(Nikkei: January 15, 2015 – p. 4)
The Japanese cabinet on Wednesday approved a budget proposal that includes the biggest defense spending ever, reflecting Prime Minister Shinzo Abe’s ambitions for expanded military capabilities to fend off an increasingly assertive China.
Defense outlays will rise 2% from the previous fiscal year to 4.98 trillion yen ($41.9 billion), up for the third year in a row. The figure surpasses 5 trillion yen when the roughly 95 billion yen in defense expenditures earmarked in the supplementary budget is included.
Campaigning in last year’s Lower House election, Abe repeatedly stressed the need to defend Japanese sovereignty and territory. The draft budget includes funding to create a Self-Defense Forces (SDF) unit tasked with retaking remote islands — apparently envisioning the disputed Senkaku Islands, which China calls the Diaoyu and claims as its own. Plans call for introducing five Osprey transport planes, capable of vertical takeoffs and landings, and 30 amphibious vehicles to strengthen the SDF’s ability to deploy personnel to remote islands. Twenty domestically produced P-1 patrol planes and six F-35 state-of-the-art stealth fighters will be purchased to ramp up surveillance.
The Japan Coast Guard (JCG) will get a significantly bigger budget. Its expenditures, including maintenance of patrol ships and aircraft, will surge 52% to 37.1 billion yen. To strengthen guarding of the Senkakus, the agency will launch six large patrol ships now under construction, completing a force totaling 12 vessels and roughly 600 personnel that will monitor the islands around the clock.
With a possible U.S. visit this spring on his schedule, Abe ensured that the budget reflects his intention of accelerating the reorganization of U.S. Forces Japan (USFJ). In Okinawa Prefecture, land reclamation work off the coast of Henoko is slated to begin as early as summer as part of the planned relocation of the U.S. military’s Futenma Air Station. Costs related to USFJ realignment, including the Futenma base relocation, will grow about 60% to 142.6 billion yen.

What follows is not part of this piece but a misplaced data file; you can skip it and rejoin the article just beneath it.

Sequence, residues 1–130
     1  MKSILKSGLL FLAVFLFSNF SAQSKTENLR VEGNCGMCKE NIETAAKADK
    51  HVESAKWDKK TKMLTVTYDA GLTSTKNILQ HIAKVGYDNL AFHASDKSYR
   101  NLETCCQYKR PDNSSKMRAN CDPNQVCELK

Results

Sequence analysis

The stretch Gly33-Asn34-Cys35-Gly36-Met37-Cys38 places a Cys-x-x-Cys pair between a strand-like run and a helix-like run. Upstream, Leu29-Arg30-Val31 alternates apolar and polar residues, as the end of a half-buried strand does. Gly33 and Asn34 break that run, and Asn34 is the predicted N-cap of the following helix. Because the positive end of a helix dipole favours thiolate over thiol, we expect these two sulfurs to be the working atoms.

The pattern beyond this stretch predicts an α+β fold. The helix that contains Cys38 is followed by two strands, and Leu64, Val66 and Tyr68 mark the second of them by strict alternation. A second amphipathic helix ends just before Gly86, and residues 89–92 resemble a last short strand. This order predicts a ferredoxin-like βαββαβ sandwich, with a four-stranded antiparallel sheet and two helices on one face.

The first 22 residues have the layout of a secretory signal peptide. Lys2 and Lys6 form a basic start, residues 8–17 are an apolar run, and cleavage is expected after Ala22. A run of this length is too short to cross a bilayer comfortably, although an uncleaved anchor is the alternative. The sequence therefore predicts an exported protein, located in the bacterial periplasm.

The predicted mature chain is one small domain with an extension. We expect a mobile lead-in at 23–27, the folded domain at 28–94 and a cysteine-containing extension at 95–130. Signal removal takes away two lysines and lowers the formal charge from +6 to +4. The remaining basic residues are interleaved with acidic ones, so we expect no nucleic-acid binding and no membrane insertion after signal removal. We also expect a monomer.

The central government will pay 1.8 billion yen to Yamaguchi Prefecture in line with the reorganization of U.S. forces, the prefecture’s first such grant. Yamaguchi helped ease the burden on Okinawa when 15 tanker planes were transferred to a U.S. base there from Futenma.
Meanwhile, Okinawa, whose new governor opposes relocating the Futenma base to Henoko, will receive a smaller development budget for the first time in five years. It was an unmistakable message from Abe demanding the prefecture’s cooperation. Gov. Takeshi Onaga on Wednesday visited the prime minister’s office for the first time since taking office, but neither Abe nor Chief Cabinet Secretary Yoshihide Suga met with him.
Japan will also step up efforts to sway global opinion in disputes with China and South Korea over history, including territorial matters and the issue of wartime “comfort women.” A total of 50 billion yen has been earmarked for presenting the Japanese view abroad, including the 30.5 billion yen already in the fiscal 2014 supplementary budget proposal.
And 1.6 billion yen has been set aside for dealing with the abductions of Japanese nationals by North Korea decades ago, up 360 million yen from the previous fiscal year. Spending to support abductees returned to Japan and their families was increased by 290 million yen in case Pyongyang makes progress in its promised reinvestigation.
Main features of Abe’s proposed defense budget
· Increase in defense spending for three consecutive years to a record 4.98 trillion yen
· 50% increase in JCG budget to reinforce security of territorial waters near the Nansei Islands and elsewhere
· Modulated assistance to local governments to promote cooperation with USFJ realignment
· Reduction of untied subsidies in the Okinawa economic development budget to put pressure on anti-relocation governor
· Increase in public diplomacy budget to counter China’s and the ROK’s PR warfare against Japan
· Increase in assistance to abduction victims in anticipation of progress in the abduction issue.
[Translated by Nikkei/edited by MATT]